There are of course a number of other things that might be said about this particular study, and which Willett may well have been referring to in his comments. Body-mass index is an outdated and crude measure of adiposity, devised when people were on average slighter, and it puts even mildly athletic persons with little body fact but a solid build in the “overweight” category. Then there are various criticisms of systematic reviews. Finally, there is the fact that a causal inference on the basis an association like this would be excessively hasty. Of course, the conclusion of the study is not that there is a causal link between being overweight and living longer; but being coy about causal talk is a poor substitute for being clear that the evidence is compatible with a range of very different causal stories.

It remains surprising that such high profile studies remain open to such basic objections. If public health messages are to be more honest and more complicated, then perhaps objections could also be more widely communicated, and in particular causal euphemisms and hints could be replaced by a franker admission of ignorance. Willet is not doing anything special by advocating a simplified message; he is just advocating a more explicit, less euphemistic kind of simplification, and a different emphasis – less kindly, spin – from that adopted by the authors. To this extent, the rebuke in Nature is, I suggest, not entirely fair.

Postdoc, UJ, Philosophy of Science

The Department of Philosophy at the University of Johannesburg seeks to appoint a Postdoctoral Research Fellow to build on its growing strengths in the philosophy of science, broadly construed. The Fellow will pursue his or her own research under the supervision of Alex Broadbent (joining two existing Fellows in the philosophy of science). Relevant research interests fall within the philosophy of science broadly construed, to include the philosophy of epidemiology and medicine, as well as relevant topics in metaphysics and epistemology, notably causation. Applications are also welcome from those with an interest in relevant jurisprudential or political issues, for example the use of scientific or statistical evidence in legal or policy contexts. Any other interesting application will also be considered.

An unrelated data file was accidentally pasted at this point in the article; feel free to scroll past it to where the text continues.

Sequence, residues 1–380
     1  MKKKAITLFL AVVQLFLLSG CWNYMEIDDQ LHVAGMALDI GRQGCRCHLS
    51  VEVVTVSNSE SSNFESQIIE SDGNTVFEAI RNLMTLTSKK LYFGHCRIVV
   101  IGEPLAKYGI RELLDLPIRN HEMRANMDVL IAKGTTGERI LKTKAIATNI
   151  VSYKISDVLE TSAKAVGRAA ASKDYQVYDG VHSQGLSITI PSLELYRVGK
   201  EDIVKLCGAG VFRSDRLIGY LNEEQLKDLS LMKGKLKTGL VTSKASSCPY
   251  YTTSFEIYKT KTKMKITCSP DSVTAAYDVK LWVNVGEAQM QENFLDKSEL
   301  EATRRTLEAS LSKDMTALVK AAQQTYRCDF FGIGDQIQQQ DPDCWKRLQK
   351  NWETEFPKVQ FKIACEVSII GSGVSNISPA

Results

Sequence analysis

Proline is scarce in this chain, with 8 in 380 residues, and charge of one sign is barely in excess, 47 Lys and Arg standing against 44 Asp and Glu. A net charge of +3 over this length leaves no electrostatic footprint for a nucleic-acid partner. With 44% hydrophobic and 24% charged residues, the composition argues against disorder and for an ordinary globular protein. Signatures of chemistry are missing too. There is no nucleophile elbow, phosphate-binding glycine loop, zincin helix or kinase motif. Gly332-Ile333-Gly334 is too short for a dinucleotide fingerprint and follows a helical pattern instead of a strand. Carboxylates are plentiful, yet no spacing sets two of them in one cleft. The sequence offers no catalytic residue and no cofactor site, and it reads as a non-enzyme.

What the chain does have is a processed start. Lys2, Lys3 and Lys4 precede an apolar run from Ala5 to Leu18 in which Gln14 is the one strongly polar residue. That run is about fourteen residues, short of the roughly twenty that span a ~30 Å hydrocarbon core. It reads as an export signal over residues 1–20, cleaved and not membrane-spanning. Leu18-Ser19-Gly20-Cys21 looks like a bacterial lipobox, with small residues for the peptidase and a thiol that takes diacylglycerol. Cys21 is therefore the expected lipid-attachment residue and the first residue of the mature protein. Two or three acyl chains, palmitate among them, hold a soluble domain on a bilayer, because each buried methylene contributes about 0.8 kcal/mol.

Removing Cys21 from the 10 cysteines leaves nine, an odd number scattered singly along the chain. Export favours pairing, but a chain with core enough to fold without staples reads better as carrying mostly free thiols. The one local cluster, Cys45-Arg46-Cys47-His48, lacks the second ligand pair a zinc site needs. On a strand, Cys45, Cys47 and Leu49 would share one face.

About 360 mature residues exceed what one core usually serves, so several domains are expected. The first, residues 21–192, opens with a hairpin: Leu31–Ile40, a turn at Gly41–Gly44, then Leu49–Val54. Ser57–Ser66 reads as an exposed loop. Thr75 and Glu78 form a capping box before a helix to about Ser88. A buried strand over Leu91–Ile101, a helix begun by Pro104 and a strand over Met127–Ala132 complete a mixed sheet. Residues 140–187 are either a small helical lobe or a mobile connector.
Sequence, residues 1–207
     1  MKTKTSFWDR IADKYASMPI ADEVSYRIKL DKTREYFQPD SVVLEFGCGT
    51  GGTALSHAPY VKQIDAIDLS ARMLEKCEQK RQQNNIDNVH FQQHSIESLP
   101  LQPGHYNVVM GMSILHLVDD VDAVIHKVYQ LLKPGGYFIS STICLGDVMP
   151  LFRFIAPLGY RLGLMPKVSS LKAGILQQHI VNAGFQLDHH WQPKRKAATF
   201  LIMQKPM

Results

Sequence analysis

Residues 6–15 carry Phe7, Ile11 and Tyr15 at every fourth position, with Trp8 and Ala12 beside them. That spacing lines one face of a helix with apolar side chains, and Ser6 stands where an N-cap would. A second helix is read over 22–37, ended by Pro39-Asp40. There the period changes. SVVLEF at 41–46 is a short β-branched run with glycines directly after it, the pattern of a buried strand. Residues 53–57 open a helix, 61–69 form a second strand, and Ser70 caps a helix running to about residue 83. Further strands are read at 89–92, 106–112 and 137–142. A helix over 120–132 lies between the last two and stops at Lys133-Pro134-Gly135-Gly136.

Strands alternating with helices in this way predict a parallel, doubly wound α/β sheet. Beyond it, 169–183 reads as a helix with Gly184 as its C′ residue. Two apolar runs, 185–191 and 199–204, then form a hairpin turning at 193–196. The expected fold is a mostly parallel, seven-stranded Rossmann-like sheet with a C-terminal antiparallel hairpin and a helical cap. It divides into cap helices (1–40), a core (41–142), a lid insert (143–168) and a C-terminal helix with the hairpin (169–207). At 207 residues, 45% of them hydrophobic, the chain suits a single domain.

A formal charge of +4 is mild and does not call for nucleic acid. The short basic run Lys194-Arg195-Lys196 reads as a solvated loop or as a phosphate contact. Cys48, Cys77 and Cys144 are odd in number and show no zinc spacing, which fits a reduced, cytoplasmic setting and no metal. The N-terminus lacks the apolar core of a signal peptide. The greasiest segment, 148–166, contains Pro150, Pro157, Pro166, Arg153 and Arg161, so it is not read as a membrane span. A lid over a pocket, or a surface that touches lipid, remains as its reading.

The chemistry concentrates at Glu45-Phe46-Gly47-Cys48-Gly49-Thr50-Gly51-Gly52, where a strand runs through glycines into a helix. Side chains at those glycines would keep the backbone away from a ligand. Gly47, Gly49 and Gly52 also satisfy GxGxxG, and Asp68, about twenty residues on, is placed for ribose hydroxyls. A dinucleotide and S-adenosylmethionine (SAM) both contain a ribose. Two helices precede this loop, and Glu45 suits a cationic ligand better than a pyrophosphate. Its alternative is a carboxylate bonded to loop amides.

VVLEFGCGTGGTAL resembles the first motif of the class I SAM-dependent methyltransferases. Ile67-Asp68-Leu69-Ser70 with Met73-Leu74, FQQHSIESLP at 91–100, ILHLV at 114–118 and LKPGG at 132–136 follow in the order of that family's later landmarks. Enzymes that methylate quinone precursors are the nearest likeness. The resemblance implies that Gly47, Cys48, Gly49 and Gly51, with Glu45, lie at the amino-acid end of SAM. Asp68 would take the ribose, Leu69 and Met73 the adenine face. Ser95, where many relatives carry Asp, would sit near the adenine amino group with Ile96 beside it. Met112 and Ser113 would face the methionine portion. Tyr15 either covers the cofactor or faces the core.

The Fellow may be asked to take on light teaching loads commensurate with career development, but these are not onerous and in duration do not exceed one quarter of the year.

The post is for one year in the first instance but is usually renewable subject to satisfactory publication. Funds for travel and other resources are also available, depending on progress with publications. Salary is 200,000 Rands p/a AFTER tax. Fellows are required to take out basic medical insurance.

Applicants should email the following materials to Alex Broadbent (abbroadbent@uj.ac.za) by 15 July 2013 and can expect a response by 31 July 2013. Informal or pre-application inquiries also welcome.

  1. CV
  2. Writing sample
  3. Indication of proposed research (300-500 words)